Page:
Michigan Basketball: How Effective Can Glenn Robinson III Be at Small Forward?

C.J. Moore@@CJMooreBRCollege Basketball National Lead WriterJuly 19, 2013

Glenn Robinson III attempts to finish an alley-oop against Syracuse at the Final Four. Robinson was one of the best finishers at the rim in college basketball as a freshman.
Glenn Robinson III attempts to finish an alley-oop against Syracuse at the Final Four. Robinson was one of the best finishers at the rim in college basketball as a freshman.Daniel Shirey-USA TODAY Sports

Glenn Robinson III took a risk in April when he decided to return to school.

Robinson proved himself as an intriguing prospect with potential as a freshman—he averaged 11 points—but he did so out of position and with the help of Trey Burke.

Robinson made it clear as soon as he announced his decision to return to Michigan that he wanted to do so as a small forward, where he could show off what he's capable of instead of leaving that to the imagination.

"I think that's something that the coaching staff is talking about, and that's been my goal coming in," Robinson said of playing small forward in April (via MLive.com). "We couldn't really do that last year, because we were playing four guards. But I see myself at that position."

Robinson's desire is to obviously become a larger part of the offense and become more of a creator instead of simply a finisher.

Dylan Burkhardt over at MUHoops.com did a thorough report card on Robinson's freshman season, re-watching all 122 field goals Robinson made in the half court. What he found was only 18 percent of Robinson's buckets were created by himself. The other 82 percent were assisted or on putbacks.

That shouldn't be viewed as a red flag. Robinson's role was as a finisher, and he did that quite well. He took 56 percent of his shots at the rim and made 73 of those attempts (per Hoop-Math.com). That made him one of the most efficient forwards in the country.

The fact that Robinson averaged double figures using only 15.2 percent of Michigan's possessions (per KenPom.com's numbers, subscription required) is remarkable. For the sake of comparison, he had similar usage rates as Wisconsin starting forward Mike Bruesewitz, and Bruesewitz averaged 6.4 points per game. 

How will Robinson's stellar efficiency numbers be affected by changing roles?

You would expect they would go down while his scoring average goes up, but John Beilein is only going to give him that role if he can prove himself.

Robinson will have to improve his ball-handling. He'll have to improve his outside shot—he made 32.4 percent of his threes—and he'll need to show the ability to break his man down off the dribble.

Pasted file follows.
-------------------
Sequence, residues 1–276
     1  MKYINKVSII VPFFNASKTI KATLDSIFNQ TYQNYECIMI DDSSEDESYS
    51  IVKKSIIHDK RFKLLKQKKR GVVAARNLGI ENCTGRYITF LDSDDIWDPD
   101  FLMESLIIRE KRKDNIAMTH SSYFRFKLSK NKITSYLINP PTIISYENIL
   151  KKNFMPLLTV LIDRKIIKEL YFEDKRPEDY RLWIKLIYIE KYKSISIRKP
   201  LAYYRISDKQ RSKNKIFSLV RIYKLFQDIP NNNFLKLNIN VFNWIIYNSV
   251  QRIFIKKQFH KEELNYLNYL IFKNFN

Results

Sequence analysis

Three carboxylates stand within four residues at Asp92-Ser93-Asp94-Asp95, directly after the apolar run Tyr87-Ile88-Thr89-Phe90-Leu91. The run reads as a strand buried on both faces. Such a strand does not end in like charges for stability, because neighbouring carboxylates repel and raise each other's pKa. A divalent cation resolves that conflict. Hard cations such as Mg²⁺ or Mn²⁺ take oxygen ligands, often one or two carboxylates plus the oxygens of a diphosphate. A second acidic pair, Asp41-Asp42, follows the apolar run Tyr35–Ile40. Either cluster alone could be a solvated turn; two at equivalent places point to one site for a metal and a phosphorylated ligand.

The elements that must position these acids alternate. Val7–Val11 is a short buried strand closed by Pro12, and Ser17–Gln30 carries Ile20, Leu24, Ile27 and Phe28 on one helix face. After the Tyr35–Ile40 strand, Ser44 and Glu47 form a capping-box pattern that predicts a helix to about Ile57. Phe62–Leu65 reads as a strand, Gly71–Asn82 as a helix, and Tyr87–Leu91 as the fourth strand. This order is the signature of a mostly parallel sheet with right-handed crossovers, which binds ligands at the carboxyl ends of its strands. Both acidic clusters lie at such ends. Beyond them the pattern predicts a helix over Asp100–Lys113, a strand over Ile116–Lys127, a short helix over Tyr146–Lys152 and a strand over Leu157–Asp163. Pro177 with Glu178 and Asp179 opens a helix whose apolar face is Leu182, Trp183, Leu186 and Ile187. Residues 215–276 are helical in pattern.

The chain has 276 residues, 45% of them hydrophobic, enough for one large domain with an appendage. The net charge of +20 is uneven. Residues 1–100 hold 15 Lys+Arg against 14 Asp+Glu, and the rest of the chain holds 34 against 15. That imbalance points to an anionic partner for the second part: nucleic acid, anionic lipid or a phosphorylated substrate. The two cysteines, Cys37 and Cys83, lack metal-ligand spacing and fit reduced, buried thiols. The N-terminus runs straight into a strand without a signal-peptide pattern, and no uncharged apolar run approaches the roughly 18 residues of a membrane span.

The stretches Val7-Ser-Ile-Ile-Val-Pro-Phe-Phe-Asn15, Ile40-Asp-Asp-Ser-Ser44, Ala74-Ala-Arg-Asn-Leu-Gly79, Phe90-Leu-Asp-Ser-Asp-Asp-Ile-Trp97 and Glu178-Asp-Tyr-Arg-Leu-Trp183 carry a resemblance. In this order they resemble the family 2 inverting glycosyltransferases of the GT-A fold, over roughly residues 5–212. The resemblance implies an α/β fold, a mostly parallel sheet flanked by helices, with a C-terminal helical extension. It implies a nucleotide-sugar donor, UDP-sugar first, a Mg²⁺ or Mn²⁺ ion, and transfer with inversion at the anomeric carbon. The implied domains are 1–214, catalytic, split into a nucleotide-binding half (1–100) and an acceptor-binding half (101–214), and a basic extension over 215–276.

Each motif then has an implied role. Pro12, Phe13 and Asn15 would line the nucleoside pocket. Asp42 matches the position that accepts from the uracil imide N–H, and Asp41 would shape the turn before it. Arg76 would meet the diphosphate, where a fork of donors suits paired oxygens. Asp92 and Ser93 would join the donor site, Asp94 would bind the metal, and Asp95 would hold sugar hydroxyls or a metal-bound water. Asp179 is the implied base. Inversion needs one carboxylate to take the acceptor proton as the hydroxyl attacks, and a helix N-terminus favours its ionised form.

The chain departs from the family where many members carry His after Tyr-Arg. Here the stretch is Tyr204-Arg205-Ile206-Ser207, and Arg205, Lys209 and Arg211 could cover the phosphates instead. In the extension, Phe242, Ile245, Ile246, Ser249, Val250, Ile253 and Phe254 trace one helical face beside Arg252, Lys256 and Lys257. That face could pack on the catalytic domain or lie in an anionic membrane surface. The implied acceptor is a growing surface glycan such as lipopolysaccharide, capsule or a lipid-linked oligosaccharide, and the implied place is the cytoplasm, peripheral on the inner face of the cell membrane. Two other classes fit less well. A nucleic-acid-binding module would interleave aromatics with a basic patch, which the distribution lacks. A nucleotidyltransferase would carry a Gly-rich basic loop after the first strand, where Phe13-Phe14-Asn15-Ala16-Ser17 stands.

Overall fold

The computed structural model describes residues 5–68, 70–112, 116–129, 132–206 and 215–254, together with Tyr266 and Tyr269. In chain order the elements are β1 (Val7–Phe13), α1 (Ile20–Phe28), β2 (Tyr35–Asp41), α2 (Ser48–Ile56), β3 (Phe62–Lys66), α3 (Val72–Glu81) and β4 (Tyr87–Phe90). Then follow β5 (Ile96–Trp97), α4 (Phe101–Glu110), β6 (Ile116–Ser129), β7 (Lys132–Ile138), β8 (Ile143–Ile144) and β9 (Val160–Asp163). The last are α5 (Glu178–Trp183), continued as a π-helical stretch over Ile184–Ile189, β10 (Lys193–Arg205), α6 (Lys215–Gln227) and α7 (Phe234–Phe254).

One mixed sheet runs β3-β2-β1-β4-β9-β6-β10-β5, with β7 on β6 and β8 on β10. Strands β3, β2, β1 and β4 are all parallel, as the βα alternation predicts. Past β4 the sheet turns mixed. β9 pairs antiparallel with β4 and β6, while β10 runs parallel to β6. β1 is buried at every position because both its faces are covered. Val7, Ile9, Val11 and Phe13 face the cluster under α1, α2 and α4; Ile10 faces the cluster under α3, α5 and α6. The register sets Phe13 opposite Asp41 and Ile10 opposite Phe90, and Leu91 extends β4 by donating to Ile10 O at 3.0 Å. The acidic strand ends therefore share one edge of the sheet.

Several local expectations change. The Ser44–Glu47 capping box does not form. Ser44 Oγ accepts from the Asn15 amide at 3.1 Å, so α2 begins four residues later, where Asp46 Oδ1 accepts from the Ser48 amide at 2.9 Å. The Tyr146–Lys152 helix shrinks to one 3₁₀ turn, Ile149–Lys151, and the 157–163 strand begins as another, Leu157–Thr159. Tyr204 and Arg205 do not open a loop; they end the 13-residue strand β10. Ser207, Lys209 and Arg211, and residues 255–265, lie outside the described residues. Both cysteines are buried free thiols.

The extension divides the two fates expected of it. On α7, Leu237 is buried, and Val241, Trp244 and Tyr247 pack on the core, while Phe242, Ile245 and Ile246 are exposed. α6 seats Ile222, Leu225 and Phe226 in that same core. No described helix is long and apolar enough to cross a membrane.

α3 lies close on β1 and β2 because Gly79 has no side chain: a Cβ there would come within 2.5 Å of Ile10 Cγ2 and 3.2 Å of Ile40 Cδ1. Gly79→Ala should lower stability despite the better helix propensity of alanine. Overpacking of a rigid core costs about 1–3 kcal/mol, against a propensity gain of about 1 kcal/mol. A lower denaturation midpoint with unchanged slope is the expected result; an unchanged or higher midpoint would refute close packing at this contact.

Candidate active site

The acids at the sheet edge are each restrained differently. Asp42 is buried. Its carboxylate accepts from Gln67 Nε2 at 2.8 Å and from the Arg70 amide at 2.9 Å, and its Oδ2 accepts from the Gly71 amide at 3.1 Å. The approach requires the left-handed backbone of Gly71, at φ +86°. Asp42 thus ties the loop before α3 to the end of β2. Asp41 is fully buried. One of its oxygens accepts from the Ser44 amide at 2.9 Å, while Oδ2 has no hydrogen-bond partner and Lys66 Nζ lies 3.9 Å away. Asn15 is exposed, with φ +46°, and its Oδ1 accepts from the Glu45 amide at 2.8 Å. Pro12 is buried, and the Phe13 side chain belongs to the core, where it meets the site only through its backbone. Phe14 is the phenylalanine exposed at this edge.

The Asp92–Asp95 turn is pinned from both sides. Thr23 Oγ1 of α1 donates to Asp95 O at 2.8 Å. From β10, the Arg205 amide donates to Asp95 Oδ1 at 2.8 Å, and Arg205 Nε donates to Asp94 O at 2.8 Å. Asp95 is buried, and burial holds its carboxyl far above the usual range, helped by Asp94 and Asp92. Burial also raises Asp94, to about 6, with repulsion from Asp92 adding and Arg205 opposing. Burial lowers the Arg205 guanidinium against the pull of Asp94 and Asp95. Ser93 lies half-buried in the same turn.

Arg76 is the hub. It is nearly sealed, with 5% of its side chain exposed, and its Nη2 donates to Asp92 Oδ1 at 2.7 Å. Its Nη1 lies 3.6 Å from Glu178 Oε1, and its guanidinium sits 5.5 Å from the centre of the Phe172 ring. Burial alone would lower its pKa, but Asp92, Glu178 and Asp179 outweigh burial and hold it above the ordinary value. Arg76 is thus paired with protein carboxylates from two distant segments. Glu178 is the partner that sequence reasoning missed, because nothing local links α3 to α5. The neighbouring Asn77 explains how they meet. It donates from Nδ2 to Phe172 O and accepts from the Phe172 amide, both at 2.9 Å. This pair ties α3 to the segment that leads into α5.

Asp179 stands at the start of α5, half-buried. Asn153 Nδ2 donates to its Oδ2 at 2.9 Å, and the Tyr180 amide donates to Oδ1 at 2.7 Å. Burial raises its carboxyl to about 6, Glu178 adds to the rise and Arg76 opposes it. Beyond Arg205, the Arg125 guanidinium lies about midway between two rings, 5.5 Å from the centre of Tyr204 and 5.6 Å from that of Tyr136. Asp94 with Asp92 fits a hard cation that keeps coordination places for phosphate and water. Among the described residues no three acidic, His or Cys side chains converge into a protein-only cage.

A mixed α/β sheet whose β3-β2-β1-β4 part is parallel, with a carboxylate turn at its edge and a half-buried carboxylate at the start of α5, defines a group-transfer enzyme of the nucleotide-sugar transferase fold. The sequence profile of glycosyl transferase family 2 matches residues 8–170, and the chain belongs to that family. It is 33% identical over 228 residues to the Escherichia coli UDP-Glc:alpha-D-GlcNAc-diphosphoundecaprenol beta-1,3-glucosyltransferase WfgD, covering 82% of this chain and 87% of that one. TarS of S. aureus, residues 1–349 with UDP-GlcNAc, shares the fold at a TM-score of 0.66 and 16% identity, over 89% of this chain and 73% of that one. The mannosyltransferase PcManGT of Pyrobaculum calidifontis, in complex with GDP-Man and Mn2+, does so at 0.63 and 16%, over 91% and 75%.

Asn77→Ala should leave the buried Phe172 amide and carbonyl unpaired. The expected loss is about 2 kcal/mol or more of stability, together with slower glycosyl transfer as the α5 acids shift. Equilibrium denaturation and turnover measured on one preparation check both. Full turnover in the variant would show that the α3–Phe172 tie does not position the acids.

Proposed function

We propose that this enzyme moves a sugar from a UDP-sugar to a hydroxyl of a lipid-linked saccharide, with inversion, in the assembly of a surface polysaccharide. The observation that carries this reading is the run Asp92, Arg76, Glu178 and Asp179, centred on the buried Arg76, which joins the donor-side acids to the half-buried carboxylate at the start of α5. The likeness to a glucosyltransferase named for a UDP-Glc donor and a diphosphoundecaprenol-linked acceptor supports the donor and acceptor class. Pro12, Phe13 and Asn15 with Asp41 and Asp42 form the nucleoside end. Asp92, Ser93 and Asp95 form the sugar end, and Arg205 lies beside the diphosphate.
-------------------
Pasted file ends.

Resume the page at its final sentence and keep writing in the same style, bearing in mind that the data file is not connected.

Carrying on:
The trap that many players fall in is thinking to do those things they need to play a certain position.

Robinson gives the impression that he's been told he'll have a chance to play at the 3, but does it really make sense? I'm not buying it. 

The reason Robinson was moved to power forward last season is it allowed the Wolverines to get their best lineup on the floor, which included Burke, Tim Hardaway Jr., Nik Stauskas and one true big man—at the end of the year, that was Mitch McGary.

Michigan was so dangerous in March because that lineup had five guys who can score. If Robinson does move to the 3 next season, that would force Beilein to go with a more traditional lineup that included either Jordan Morgan, Jon Horford or freshman Mark Donnal.

We don't know yet if Donnal will be an offensive threat as a freshman, but we've seen enough from Morgan and Horford to know they are not scorers.

The best offensive lineup, on paper, for Michigan would be Derrick Walton at point guard, Zak Irvin at shooting guard, Stauskas at small forward, Robinson back at power forward and McGary at center. Irvin is the No. 24th-ranked recruit by Rivals.com, and it could be tough for Beilein to keep him out of the starting lineup.

Beilein offered up an explanation last month as to how he'll make that decision. He told MLive.com:

You don't go into a season saying we’re going to play big, we're going to play small. You have to wait and see what people can do. We have freshmen. What can they handle? How can the coaches tweak it to their strength?

It seems to be a lot of concern for everybody, it's not really a concern for us. How can we develop our players so that number one we can win, and number two for professional play. Because that's obviously a huge recruiting draw for us.

What this says to me is if Michigan's best lineup next season has Robinson at the 4, then he's going to need to accept that. It also doesn't mean that his use on the offensive end will be relegated to what you expect from a power forward. Beilein has an innovative offensive mind, and he doesn't need Robinson at small forward to put Robinson in a position to do small forwardish things.

Robinson had the chance to leave school early because he had a good NCAA tournament on a team that made it to the championship game. He should know that his best chance to improve his stock is to continue to produce on a successful team and not let his position define him.


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